Tara Reck, Managing L&I Attorney at Reck Law PLLC - Workers' Compensation Attorneys

Category: LNI Benefits (Page 1 of 18)

L&I Survivor Benefits After Death: How Does L&I Survivor Pension and Other Benefits Work?

After a work injury or occupational disease, workers with permanent total disability can receive an L&I pension. An L&I pension is like a lifetime annuity. Workers receive pension payments every month. Moreover, L&I pension benefits continue for the life of the worker. Sometimes, work injury claimants ask what happens after they die. Does L&I provide survivor benefits? Are there L&I death benefits? Will their family members receive an L&I survivor pension? Or, can workers pass their L&I pension to their spouse or children? In general, the answer is Yes. However, every situation is different. It always depends on the facts and details.


L&I survivor benefits when death is not related to the L&I claim

Say that the Department of Labor and Industries (L&I) gives you an L&I pension. Additionally, at the time you receive the pension, say that you have a spouse or domestic partner. Then, L&I will provide you with survivor benefits options. In fact, L&I sends you a form so you can choose the L&I survivor benefits you want. The form explains all the different options. It also details the financial implications of each option.


You, the injured worker, can select your L&I survivor benefits. The most common options are:

(1) Full survivor benefits

(2) Partial survivor benefit

(3) No survivor benefits.

In other words, the pensioner can choose to have all, or a portion of their pension benefits pass on to their surviving spouse. These options apply when the pensioner dies from causes unrelated to their L&I claim. Furthermore, when death that is not related to the claim, you can only pass survivor benefits to your spouse (or partner). You cannot pass them to your children or dependents.


Option 1: Full L&I pension survivor benefits

Let’s say you choose full L&I survivor benefits. Furthermore, before death, you receive a certain pension amount every month. The surviving spouse or domestic partner continues to receive the same amount after you die. This option is good for the surviving spouse. However, this option usually results in the lowest monthly payout amount. That’s because L&I stretches your pension payments over the remaining life of both you and your spouse.


Option 3: Partial L&I survivor benefits 

Now let’s assume the injured worker chooses partial survivor benefits. As before, the pensioner receives a certain monthly payout during their lifetime. Upon death, the surviving spouse or domestic partner continues to receive approximately 50% of the pension. Here, again, the payments continue for the rest of the spouse’s life.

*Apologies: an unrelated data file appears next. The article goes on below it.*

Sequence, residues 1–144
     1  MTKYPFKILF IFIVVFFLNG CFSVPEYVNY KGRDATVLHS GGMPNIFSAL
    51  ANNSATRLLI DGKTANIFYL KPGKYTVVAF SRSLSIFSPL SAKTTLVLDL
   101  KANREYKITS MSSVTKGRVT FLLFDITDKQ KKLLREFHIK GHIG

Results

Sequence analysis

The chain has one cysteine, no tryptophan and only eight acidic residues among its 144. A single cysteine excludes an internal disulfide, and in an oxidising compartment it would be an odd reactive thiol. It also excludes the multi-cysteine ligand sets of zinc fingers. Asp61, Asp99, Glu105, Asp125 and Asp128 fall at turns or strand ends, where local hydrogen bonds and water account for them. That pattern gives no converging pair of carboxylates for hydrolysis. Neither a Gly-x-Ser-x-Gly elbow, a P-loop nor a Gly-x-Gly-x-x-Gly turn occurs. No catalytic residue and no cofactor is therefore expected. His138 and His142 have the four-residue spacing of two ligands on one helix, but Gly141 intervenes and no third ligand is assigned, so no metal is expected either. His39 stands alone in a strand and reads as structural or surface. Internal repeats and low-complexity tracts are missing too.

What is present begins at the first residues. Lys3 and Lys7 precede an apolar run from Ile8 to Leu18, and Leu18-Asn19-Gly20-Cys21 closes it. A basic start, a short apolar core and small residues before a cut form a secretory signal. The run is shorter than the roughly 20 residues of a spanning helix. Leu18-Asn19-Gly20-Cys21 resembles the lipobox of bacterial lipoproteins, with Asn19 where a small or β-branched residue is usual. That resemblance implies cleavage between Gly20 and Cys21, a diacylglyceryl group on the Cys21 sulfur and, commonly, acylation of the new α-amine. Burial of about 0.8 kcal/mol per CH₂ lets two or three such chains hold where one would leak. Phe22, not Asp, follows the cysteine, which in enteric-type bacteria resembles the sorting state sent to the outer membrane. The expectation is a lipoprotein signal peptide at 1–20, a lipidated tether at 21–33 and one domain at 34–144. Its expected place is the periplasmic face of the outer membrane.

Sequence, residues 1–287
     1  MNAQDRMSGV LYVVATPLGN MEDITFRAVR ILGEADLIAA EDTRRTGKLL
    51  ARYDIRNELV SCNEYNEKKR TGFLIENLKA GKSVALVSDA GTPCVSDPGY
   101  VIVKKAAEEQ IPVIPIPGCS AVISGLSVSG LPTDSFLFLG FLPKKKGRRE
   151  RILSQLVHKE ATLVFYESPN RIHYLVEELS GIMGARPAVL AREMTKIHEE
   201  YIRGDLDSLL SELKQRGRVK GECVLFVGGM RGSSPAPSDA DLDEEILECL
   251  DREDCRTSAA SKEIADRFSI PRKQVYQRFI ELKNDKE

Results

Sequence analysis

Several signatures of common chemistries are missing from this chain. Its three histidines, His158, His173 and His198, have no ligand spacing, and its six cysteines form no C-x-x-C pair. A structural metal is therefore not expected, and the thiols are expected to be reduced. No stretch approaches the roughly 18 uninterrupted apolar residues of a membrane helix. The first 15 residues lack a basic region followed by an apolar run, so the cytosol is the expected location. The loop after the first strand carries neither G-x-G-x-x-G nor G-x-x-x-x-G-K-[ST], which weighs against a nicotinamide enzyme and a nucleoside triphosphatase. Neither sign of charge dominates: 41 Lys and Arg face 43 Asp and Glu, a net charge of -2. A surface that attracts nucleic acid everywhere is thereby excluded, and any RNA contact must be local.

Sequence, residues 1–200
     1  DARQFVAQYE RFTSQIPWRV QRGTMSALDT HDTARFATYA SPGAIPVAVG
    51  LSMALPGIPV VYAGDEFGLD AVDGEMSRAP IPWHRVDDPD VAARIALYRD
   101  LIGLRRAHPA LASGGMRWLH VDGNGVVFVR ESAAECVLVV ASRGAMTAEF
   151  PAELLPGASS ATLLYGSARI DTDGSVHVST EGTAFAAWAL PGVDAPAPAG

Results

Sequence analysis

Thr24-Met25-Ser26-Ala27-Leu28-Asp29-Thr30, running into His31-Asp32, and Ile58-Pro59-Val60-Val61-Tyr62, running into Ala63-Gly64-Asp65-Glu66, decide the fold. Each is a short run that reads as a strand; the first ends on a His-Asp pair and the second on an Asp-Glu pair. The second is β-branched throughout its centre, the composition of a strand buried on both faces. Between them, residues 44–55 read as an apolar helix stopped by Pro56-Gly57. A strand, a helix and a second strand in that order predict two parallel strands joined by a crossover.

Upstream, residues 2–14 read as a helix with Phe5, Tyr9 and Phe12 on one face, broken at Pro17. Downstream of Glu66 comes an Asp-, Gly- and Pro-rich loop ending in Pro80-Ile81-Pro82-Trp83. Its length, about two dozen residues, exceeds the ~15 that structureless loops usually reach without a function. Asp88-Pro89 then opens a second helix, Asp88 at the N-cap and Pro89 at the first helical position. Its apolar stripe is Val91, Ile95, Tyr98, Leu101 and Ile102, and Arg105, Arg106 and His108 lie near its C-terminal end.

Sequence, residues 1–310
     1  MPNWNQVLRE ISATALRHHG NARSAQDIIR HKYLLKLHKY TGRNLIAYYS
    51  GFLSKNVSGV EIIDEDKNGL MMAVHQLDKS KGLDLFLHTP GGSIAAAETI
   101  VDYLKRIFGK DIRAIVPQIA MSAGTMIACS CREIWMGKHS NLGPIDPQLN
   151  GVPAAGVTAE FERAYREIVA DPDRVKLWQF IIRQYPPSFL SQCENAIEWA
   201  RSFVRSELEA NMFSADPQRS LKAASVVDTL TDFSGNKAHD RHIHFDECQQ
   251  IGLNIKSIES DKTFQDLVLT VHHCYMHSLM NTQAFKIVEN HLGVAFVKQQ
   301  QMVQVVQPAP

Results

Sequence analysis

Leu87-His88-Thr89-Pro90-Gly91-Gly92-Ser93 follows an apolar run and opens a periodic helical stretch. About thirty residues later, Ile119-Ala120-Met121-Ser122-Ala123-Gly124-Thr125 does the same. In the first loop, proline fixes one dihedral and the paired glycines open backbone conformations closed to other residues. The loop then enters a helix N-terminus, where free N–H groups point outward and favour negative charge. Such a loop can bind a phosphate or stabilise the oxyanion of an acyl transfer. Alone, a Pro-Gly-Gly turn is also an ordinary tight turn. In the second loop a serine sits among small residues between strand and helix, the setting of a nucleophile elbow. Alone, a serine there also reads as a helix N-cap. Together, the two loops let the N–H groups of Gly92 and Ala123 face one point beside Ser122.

Option 2: No claim survivor benefits

Work injury claimants can decline L&I survivor benefits. In this case, the spouse must sign and notarize an L&I option form. The form acknowledges that they understand and agree to not receive benefits after the pensioner’s death. Importantly, this option typically results in highest monthly payout. That’s because L&I only pays the pension funds over the life of the pensioner.


Survivor benefits when death is claim-related

Sometimes, a work injury or occupational disease is the cause of death. We refer to these cases as fatal claims. Fatal claims can occur when a worker dies while on the job. However, they can also happen later. For example, when an L&I pensioner dies from claim-related conditions.


Legally speaking, L&I survivor pension benefits for work injury cases that result in death are usually straightforward. While tragic, in most such cases, the work injury is the cause of death. With fatal injuries on the job, employers must report them to L&I. Alternatively, they can report them to the Department of Occupational Safety and Health (DOSH) within 8 hours. DOSH will prepare a fatality memo. Also, under RCW 68.50.103, if the cause of death is uncertain, then they must order an autopsy.


If a worker receives L&I pension payments and dies later, then L&I survivor benefits can be more challenging. That’s because you must show causation. In other words, there must be medical evidence connecting the cause of death to the work injury or occupational disease. Typically, you’ll have to hire a medical expert. Sometimes, it’s even necessary to get an opinion from a forensic pathologist. This entire process can be sad and frustrating for survivors.